When looking at who will build and who will benefit from HS2, HS3 or indeed any future high speed rail project, there is no simple answer. As Ailie Macadam, Managing Director of Bechtel’s global rail business, has pointed out in her speech at today’s ‘Transport Times’ conference, there are thousands of potential suppliers, skilled workers, apprentices and support staff amongst others who will all work together to build the most modern infrastructure project the UK has seen, and who will all look to benefit.

As we are sure you’ll agree, a great many people will play a part in delivering this project, and as a consequence of the decisions that these people make, the lives of many other people will be affected.

Whilst several of the largest infrastructure companies in the UK will all be looking to form a part of the HS2 supply chain, we need to look outside the conventional set up of major projects and towards other businesses and groups, to really understand who and what will be right for HS2. This is a monumental project that requires monumental effort from all manners of individuals and companies, not limited to major transport organisations alone.

As well as offering a new source of work continuity for the construction industry, a project such as this will provide a golden opportunity to invest in training the next generation of engineers and construction professionals. It will also offer UK SMEs, the bedrock of our economy, a vital opportunity to strengthen their enterprises. On the Crossrail project alone, 58% of the supply chain is made up of SMEs. This is not even considering the broader transformative effects that the line will bring throughout the UK; just think of King’s Cross.

However, to ensure that we fully realise the benefits that the project brings, we must collectively ensure that we align these various groups potentially involved in HS2; whether they are communities impacted by construction, contractors with businesses to run, asset owners, train operators, infrastructure maintainers, designers, legacy and development organisations, financial sponsors or governing bodies.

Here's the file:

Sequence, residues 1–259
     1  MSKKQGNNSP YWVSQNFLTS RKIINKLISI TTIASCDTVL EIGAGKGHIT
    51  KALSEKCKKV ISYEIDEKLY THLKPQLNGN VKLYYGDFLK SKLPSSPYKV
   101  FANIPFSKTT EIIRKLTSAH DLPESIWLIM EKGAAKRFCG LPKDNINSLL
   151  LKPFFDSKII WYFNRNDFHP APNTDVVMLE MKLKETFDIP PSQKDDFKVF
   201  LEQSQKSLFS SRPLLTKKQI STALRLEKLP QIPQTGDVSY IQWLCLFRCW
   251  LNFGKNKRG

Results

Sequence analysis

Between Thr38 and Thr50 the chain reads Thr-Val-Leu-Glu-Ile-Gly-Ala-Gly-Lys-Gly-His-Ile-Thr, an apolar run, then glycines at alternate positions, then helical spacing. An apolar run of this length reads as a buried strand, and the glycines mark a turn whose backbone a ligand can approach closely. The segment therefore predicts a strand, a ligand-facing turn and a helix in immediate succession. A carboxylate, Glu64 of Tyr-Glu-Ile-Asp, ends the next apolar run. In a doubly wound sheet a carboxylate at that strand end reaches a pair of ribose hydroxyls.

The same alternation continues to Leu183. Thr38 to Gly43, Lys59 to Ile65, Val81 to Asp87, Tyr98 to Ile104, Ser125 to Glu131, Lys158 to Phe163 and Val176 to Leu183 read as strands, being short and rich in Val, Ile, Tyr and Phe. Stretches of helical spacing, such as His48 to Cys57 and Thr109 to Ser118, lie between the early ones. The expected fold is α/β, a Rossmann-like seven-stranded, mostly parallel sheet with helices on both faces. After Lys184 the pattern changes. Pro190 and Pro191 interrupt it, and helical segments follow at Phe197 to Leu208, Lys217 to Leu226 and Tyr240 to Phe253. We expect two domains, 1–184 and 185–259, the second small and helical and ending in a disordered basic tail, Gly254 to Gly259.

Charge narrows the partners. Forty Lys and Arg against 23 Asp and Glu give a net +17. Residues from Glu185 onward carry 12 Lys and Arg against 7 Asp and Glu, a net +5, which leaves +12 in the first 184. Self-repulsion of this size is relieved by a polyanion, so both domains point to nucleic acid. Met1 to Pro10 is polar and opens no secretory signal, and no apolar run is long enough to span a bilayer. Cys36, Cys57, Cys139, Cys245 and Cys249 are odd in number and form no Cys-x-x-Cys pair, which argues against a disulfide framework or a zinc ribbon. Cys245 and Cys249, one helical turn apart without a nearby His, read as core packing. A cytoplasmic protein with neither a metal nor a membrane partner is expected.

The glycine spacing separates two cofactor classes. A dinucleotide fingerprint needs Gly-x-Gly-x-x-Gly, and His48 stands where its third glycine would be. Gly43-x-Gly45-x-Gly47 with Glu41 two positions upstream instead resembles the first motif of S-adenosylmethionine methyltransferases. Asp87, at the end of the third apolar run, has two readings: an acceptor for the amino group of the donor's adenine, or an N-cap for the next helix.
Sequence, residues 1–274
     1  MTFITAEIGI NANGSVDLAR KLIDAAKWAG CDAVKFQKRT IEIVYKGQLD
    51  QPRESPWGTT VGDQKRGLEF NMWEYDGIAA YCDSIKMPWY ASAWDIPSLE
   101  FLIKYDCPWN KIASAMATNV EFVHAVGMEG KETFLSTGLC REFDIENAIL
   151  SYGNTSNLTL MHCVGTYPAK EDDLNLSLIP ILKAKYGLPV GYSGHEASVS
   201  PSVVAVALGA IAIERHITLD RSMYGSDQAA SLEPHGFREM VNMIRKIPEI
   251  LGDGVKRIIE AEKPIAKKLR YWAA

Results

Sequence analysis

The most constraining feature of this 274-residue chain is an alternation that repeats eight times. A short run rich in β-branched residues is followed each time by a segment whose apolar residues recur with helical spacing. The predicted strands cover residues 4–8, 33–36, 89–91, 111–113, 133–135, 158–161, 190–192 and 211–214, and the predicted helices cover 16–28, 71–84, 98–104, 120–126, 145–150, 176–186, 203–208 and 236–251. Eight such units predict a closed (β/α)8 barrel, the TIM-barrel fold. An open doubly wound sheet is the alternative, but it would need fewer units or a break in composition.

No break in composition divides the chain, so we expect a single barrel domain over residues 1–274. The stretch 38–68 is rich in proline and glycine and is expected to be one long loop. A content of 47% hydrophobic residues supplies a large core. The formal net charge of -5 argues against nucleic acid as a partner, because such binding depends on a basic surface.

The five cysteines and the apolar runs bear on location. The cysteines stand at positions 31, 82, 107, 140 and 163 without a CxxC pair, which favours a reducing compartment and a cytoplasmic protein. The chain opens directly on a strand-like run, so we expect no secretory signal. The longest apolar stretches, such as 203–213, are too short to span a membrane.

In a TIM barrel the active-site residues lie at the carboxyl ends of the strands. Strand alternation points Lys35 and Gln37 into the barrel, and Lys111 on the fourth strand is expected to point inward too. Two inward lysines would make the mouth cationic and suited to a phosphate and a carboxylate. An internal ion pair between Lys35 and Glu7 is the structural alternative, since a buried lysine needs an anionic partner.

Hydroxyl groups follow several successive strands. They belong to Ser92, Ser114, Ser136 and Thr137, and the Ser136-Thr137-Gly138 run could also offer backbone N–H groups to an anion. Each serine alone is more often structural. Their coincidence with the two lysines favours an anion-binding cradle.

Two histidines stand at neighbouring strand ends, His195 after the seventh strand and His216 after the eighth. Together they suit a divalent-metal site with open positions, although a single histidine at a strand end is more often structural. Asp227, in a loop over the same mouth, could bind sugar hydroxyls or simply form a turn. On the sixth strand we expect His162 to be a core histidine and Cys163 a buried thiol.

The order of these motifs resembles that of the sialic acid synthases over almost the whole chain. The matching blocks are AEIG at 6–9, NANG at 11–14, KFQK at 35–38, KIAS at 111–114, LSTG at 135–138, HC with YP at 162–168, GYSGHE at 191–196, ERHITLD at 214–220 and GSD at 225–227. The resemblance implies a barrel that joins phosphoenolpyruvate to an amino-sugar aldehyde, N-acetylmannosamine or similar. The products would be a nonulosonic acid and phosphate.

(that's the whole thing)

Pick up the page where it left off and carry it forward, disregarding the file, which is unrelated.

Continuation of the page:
This is a huge task, and one that should not be taken lightly. As HS1 and Crossrail has shown, it will also be a challenge to build trust, understanding and co-ordination amongst the various groups involved, both before, during and after the project is built. There are a huge number of stakeholders involved and, as an industry, we must ensure that they all kept informed and involved from the start.

Indeed, we equally should not underestimate the importance of third party and local input during the construction and planning of HS2; this will be essential not only to engage with local communities, but will ensure that we develop designs and deliver assets that are genuinely in line with local needs.

The High Speed Rail Industry Leaders Group (HSRILG) is already helping to co-ordinate interests throughout the industry. Jointly committed to supporting high-speed rail, the HSRILG has brought together a number of world-leading companies to form an unprecedented coalition of rail experts, all with a unique insight into the transformative benefits that HSR can bring. By working together, the industry can lead by example, share expertise and support the government in ensuring the successful delivery of high speed rail in the UK.

So yes, there is no doubt that this will be a great challenge. However, the industry has gained some great experience from projects like HS1 and Crossrail, and with the right people, the right teams and the right relationships, there is no doubt we can do this again.

Categories: General

HSRIL

Administration